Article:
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'Things fall apart': the apocalyptic appeal of WB Yeats's The Second Coming


Written 100 years ago, Yeats’s poem has been absorbed into the cultural bloodstream from Chinua Achebe to The Sopranos, Joan Didion to Gordon Gecko. Why is it such a touchstone in times of chaos?

In April 1936, three years before his death, WB Yeats received a letter from the writer and activist Ethel Mannin. The 70-year-old Yeats was a Nobel prize-winning poet of immense stature and influence, not to mention Mannin’s former lover, and she asked him to join a campaign to free a German pacifist incarcerated by the Nazis. Yeats responded instead with a reading recommendation: “If you have my poems by you, look up a poem called ‘The Second Coming’,” he wrote. “It was written some sixteen or seventeen years ago & foretold what is happening. I have written of the same thing again & again since. This will seem little to you with your strong practical sense for it takes fifty years for a poet’s weapons to influence the issue.”

Yeats was justified in taking the long view. Written in 1919 and published in 1920, “The Second Coming” has become perhaps the most plundered poem in the English language. At 164 words, it is short and memorable enough to be famous in toto but it has also been disassembled into its constituent parts by books, albums, movies, TV shows, comic books, computer games, political speeches and newspaper editorials. While many poems in Yeats’s corpus have contributed indelible lines to the storehouse of the cultural imagination (“no country for old men”; “the foul rag and bone shop of the heart”), “The Second Coming” consists of almost nothing but such lines. Someone reading it for the first time in 2020 might resemble the apocryphal theatregoer who complained that Hamlet was nothing but a bunch of quotations strung together. Whether or not it is Yeats’s greatest poem, it is by far his most useful. As Auden wrote in “In Memory of WB Yeats” (1939), “The words of a dead man / Are modified in the guts of the living.”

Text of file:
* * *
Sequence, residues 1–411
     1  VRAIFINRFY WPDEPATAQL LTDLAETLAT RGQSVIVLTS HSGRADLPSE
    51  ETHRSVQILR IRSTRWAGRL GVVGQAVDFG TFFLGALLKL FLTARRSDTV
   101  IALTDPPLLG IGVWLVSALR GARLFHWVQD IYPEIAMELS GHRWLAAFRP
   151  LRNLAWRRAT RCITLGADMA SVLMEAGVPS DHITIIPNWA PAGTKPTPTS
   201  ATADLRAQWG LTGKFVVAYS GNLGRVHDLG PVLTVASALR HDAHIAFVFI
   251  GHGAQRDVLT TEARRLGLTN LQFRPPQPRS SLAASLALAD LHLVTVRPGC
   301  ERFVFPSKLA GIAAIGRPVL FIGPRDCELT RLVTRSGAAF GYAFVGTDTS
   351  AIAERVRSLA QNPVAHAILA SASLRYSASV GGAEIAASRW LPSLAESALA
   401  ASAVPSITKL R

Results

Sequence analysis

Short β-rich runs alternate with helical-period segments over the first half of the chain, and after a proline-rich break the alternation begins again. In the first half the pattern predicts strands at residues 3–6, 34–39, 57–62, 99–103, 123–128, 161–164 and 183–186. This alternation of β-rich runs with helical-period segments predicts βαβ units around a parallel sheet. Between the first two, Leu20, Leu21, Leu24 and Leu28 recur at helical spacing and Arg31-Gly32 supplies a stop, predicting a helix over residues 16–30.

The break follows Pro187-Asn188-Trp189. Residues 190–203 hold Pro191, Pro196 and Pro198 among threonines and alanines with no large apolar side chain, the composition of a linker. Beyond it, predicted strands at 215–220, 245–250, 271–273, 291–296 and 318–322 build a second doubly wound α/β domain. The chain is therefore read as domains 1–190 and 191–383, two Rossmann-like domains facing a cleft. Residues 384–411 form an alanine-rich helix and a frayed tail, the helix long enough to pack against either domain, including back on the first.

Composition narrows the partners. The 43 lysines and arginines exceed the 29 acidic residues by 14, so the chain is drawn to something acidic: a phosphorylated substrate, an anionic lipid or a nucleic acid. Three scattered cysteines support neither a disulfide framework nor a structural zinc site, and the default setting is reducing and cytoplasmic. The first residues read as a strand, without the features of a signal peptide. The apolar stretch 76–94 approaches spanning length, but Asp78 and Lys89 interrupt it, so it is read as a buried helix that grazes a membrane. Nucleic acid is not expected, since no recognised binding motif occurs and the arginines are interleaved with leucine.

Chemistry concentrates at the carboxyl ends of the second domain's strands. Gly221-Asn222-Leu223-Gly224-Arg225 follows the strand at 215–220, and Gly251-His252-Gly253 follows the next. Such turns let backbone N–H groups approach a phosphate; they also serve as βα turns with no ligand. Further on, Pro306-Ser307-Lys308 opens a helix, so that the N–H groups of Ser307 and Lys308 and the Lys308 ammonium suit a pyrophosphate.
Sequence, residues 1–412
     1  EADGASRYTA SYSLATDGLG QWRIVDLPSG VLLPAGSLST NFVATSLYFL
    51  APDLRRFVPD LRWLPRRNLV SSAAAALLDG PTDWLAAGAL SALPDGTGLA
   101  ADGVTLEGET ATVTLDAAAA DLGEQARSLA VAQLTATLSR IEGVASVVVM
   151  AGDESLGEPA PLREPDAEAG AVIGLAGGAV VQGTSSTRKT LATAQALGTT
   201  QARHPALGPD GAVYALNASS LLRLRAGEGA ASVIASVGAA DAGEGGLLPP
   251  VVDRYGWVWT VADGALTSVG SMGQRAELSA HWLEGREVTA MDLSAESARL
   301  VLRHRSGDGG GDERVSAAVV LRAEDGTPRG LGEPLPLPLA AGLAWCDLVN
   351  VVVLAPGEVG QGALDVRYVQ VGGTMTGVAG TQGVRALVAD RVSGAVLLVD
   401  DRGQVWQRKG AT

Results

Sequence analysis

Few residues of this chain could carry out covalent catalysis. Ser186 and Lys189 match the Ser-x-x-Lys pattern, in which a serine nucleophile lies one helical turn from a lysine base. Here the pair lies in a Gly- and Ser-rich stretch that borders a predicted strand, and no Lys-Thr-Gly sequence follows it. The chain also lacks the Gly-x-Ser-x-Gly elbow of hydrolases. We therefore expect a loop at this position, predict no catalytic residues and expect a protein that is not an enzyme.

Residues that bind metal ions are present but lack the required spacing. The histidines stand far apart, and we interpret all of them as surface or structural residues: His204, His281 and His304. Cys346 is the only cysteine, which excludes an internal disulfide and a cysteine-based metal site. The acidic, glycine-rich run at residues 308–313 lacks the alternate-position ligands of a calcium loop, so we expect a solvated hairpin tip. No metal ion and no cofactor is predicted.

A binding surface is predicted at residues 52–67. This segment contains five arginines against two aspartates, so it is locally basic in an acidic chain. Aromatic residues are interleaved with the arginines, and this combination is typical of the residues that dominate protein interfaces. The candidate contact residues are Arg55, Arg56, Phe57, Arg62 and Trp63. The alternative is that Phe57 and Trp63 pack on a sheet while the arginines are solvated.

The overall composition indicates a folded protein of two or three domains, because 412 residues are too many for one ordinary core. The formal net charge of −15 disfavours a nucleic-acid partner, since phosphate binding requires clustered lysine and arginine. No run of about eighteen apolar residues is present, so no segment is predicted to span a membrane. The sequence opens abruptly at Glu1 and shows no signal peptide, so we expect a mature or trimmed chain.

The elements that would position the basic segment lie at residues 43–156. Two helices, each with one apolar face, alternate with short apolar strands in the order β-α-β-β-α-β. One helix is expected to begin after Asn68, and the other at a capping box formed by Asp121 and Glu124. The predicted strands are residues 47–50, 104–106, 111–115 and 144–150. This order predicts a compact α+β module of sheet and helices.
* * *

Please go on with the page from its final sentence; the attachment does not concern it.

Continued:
Turning and turning in the widening gyre
The falcon cannot hear the falconer;
Things fall apart; the centre cannot hold;
Mere anarchy is loosed upon the world,
The blood-dimmed tide is loosed, and everywhere
The ceremony of innocence is drowned;
The best lack all conviction, while the worst
Are full of passionate intensity.

Surely some revelation is at hand;
Surely the Second Coming is at hand.
The Second Coming! Hardly are those words out
When a vast image out of Spiritus Mundi
Troubles my sight: somewhere in the sands of the desert
A shape with lion body and the head of a man,
A gaze blank and pitiless as the sun,
Is moving its slow thighs, while all about it
Reel shadows of the indignant desert birds.
The darkness drops again; but now I know
That twenty centuries of stony sleep
Were vexed to nightmare by a rocking cradle,
And what rough beast, its hour come round at last,
Slouches towards Bethlehem to be born?

Related: The life and poetry of William Butler Yeats – quiz

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